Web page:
Following the assessment process, the cochlear implant team will meet to decide if you would benefit from a cochlear implant.
You will be told about the decision and if we are going to offer an implant you will be given a date for surgery and an appointment to see the surgeon and sign the consent form.
Prior to the operation, you will have a pre-anaesthetic assessment appointment where the nurse will check if you are healthy and fit for surgery. During this appointment you will be given instructions about preparing for your hospital stay. Surgery takes place at The James Cook University Hospital, Middlesbrough and the Freeman Hospital, Newcastle.
What happens on the day of the operation?
You will be admitted to the ward usually on the morning of the operation. It may be that your bed is not ready until after the operation. The surgeon, a nurse and the anaesthetist will visit you before your surgery. They will ask questions to check and double check all of your information is correct.
The length of an operation for one implant is usually one and a half to three hours. However, a longer surgical time does not necessarily mean there is something wrong – it is just taking longer.
After you are asleep, a small strip of hair behind your ear will be shaved. During the operation, a flap of skin is lifted and a small well is made in the bone behind the ear for the internal device. A small hole is made into the cochlea (hearing organ) to allow the electrodes to pass through.
The surgeon will choose the most appropriate way of closing the skin at the time. Before you leave the theatre, the implant will be tested electrically.
What happens after the operation?
When you return from the operating theatre, you will usually have an intravenous drip in your hand and a pressure bandage on your head. The drip will be removed when the time is right. The bandage creates pressure over the area and helps with healing, it will stay in place overnight.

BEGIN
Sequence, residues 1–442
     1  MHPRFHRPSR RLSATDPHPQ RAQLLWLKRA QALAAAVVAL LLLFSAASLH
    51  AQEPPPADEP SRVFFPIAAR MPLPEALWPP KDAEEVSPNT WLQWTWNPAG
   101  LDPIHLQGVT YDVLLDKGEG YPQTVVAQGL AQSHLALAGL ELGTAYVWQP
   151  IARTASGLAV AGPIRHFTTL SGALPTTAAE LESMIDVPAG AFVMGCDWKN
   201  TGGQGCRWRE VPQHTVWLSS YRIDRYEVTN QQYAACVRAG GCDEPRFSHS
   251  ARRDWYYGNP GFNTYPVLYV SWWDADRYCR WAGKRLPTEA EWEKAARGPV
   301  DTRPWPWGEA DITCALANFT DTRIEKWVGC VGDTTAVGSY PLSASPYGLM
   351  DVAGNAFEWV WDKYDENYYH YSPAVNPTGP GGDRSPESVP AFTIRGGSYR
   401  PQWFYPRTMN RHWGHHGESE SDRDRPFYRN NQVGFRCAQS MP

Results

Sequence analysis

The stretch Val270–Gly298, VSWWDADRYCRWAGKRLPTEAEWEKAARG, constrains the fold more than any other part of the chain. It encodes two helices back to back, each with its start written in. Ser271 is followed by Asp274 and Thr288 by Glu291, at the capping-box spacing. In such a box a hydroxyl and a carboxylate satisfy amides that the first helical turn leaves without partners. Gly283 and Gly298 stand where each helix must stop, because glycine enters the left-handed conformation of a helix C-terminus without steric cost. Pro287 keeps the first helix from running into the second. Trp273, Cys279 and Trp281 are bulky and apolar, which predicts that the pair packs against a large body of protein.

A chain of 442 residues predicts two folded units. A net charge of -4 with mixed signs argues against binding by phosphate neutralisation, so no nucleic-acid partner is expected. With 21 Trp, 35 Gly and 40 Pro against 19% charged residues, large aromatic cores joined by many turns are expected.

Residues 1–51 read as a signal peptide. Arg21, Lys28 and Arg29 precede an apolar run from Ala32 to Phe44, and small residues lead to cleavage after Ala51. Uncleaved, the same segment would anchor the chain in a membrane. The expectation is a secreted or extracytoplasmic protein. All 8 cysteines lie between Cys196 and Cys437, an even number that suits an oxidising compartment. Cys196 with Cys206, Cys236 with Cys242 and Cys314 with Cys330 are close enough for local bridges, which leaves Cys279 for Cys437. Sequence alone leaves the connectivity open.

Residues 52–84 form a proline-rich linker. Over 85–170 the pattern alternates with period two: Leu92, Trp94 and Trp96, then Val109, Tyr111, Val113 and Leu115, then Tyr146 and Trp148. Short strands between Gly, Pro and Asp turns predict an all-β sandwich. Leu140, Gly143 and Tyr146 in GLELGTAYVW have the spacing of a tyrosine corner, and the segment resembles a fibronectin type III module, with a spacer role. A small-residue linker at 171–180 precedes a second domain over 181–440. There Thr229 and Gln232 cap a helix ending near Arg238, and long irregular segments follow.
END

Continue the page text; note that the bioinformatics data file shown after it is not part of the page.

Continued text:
Initially, you will be sleepy, but most patients are up and about within a couple of hours. You will be given antibiotics to prevent any infection. You may feel sick or be sick after the operation; this is usually due to the anaesthetic.
When the pressure bandage is removed, the surgical site will be visible. The surgical site is usually closed with stitches and a special type of ‘glue’. The stitches are dissolvable and do not need to be specially removed. They do not look pretty, but they do an excellent job of closing the skin to produce a neat scar in the long term.
Before you leave hospital, your head will be x-rayed to check the position of the implant. Providing you are fit and well, you will usually be allowed home one or two days after surgery.
You may wash your hair after the first 48 hours, being careful to keep the site dry.
The scar will be checked by the surgeon 1 week after surgery. There may be some of the glue remaining over the scar. You are encouraged to remove this leading up to your switch-on appointment by gently wiping with clean water.
Things to bring to hospital:
- Pyjamas and clothes with buttons down the front as it will be difficult to pass clothes over your head after your operation.
- Money for food (meals are provided whilst you are an in-patient) and car-parking.
South Tees Hospitals NHS Foundation Trust would like your feedback. If you wish to share your experience about your care and treatment or on behalf of a patient, please contact The Patient Experience Department who will advise you on how best to do this.
This service is based at The James Cook University Hospital but also covers the Friarage Hospital in Northallerton, our community hospitals and community health services.